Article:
• CHAPTER 11 Open Questions
      (pp. 93-108)

      The fear that technological developments could escape from human control goes back to the early nineteenth century. With dependence on technology constantly growing, however, and with the number of technologies increasing at a pace no one can keep up with, the twenty-first century is particularly vulnerable. From this point of view, the century began in 1986 with the explosion of reactor number 4 at Chernobyl. Moscow’s first concern was to attribute the accident to human error and to protect Russian reactor technology, in line with the Soviet tradition that gave machines primacy over men. But the flaws in RBMK reactors,...

  8. Part Four: Back in 2005

    • CHAPTER 12 The Scene in 2005
      (pp. 111-120)

      The centennial of the omen-filled year of 1905 offered an opportunity to step outside immediate circumstances to identify some major tendencies at work in the course of events. The period that for fifteen years has lazily been designatedpost–Cold War,for lack of a better term, is now over, and a name will one day have to be found for its successor. Because the date of birth of the new period has been set at September 11, 2001, one of its principal components could well be a spectacular return of violence, now that it is within the power not...

    • CHAPTER 13 Russia as It Is
      (pp. 121-132)

      Since the fall of the USSR, the Western powers have based their policies toward Moscow on individuals rather than counting on institutional reforms or the development of civil society. Western leaders have sacrificed the principles on which their foreign relations depend for supposed “stability” on their eastern border guaranteed by the holder of the Russian Federation presidency, whoever he might be. As long as they got along well with Boris or Vladimir, they saw no reason to worry. We can now observe the results of that policy. Western influence on Russia is nonexistent. Russia’s capacity to exportinstabilityto the...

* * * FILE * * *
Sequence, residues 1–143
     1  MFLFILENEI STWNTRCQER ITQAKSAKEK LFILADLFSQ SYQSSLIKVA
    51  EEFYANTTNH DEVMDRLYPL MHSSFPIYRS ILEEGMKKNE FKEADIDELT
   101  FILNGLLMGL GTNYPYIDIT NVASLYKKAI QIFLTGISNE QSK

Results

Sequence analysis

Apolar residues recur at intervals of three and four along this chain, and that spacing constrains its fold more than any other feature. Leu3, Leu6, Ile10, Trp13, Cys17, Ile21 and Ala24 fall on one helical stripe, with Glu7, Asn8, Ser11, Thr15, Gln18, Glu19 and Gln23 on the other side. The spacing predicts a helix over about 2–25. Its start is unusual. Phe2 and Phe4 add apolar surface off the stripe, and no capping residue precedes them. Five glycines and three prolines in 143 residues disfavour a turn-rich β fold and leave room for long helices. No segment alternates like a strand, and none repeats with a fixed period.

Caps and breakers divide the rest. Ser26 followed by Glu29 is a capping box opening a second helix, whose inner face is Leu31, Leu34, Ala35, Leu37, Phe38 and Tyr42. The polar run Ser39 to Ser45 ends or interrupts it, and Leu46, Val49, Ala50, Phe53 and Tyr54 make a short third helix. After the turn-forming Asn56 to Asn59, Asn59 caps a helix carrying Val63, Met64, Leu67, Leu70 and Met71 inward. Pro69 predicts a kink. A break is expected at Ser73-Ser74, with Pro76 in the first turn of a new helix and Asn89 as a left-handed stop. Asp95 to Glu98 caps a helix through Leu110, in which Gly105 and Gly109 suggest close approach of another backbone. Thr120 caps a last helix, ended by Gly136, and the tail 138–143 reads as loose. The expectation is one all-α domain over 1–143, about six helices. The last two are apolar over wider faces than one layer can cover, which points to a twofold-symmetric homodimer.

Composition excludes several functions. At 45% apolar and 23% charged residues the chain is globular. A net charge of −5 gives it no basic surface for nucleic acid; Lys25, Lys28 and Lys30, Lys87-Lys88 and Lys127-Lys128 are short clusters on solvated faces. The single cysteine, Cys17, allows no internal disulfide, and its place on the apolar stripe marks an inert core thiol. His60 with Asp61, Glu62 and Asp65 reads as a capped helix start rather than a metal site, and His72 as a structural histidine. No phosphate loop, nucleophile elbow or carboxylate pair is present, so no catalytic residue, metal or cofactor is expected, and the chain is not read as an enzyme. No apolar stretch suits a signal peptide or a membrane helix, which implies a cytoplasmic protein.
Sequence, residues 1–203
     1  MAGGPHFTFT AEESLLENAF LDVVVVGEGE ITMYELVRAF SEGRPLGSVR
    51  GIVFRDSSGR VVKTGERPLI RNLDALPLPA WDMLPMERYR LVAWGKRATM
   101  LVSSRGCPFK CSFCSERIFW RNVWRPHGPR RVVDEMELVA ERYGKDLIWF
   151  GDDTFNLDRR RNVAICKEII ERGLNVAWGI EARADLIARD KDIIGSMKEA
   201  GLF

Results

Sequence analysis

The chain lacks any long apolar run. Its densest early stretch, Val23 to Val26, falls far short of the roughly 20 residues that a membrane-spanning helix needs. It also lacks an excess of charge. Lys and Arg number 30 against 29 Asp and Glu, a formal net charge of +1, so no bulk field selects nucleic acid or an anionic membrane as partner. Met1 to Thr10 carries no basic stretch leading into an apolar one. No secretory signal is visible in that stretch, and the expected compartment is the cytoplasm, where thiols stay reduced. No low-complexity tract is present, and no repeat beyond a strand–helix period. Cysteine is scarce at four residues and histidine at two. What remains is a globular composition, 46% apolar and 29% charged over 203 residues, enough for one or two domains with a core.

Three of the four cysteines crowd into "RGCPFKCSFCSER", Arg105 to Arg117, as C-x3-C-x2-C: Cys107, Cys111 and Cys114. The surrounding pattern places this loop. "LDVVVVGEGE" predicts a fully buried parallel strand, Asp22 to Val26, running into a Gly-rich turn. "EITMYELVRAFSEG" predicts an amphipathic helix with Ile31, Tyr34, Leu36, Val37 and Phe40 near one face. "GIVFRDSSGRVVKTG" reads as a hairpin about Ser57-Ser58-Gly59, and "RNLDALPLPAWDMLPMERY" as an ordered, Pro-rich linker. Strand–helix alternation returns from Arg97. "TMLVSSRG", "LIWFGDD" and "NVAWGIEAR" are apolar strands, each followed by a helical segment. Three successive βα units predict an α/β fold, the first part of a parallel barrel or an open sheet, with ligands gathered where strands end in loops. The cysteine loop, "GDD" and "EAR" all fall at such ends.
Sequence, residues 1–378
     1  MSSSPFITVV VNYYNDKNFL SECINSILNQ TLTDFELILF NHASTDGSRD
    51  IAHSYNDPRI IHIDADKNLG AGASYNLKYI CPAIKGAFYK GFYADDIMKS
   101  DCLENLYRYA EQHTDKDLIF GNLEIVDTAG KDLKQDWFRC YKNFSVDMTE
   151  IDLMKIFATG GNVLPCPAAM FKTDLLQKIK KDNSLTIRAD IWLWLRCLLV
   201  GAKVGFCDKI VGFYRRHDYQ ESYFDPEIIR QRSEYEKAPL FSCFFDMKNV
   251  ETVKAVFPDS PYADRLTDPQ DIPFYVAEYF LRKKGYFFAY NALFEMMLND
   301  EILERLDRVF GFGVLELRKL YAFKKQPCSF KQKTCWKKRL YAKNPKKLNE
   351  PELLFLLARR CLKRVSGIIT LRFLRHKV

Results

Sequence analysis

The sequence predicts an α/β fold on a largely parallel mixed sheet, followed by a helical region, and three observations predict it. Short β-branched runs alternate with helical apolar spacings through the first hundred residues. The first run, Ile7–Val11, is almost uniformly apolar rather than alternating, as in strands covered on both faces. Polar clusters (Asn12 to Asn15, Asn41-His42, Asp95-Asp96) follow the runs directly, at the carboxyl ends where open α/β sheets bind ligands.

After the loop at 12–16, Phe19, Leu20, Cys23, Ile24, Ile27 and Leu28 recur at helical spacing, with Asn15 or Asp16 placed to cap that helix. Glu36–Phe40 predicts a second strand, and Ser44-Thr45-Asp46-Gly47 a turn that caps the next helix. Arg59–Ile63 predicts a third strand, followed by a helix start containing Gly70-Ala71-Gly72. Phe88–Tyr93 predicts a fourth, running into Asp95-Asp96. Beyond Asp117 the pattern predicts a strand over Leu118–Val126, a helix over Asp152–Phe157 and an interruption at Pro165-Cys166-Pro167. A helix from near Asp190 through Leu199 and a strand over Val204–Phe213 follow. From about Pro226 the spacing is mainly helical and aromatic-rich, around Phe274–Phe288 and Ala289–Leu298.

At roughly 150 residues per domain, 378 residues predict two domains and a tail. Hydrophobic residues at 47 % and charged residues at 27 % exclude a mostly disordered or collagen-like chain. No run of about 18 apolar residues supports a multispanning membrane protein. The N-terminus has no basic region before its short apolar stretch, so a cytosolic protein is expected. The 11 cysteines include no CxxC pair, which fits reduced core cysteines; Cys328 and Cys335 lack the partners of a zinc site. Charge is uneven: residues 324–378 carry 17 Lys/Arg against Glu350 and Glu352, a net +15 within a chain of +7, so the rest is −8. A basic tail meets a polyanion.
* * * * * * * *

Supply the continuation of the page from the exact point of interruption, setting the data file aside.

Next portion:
• CHAPTER 14 The Two Chinas
      (pp. 133-144)

      Foreign policy deals with many peripheral subjects, but it sometimes seems to lack a center. Here is one:Taiwan is the Alsace-Lorraine of the twenty-first century.Beijing has often used this parallel, especially when trying to charm French interlocutors. One of the great strengths of the Chinese, in fact, is the very clever way in which they pay court to the elites of countries in their sights, particularly to diplomats. Instead of touching a displaced national sentimentalism in France, however, China’s parallel of Taiwan with Alsace-Lorraine should frighten us. Better than anyone, the French can imagine the blind fury that...

    • CHAPTER 15 North Korean Blackmail
      (pp. 145-152)

      The problem with totalitarian regimes is that they have a habit of lasting a long time. Before collapsing, they can cause unimaginable suffering in their own countries as well as the rest of the world. And when they assume a form as surprising as the regime of the Dear Leader Kim Jong Il in North Korea, all predictions are futile. One can only point out the degree to which since 1992 the position of the world with regard to Pyongyang has been aberrant. Political elites have failed utterly, allowing a small ruined country that torments its people to continue blackmailing...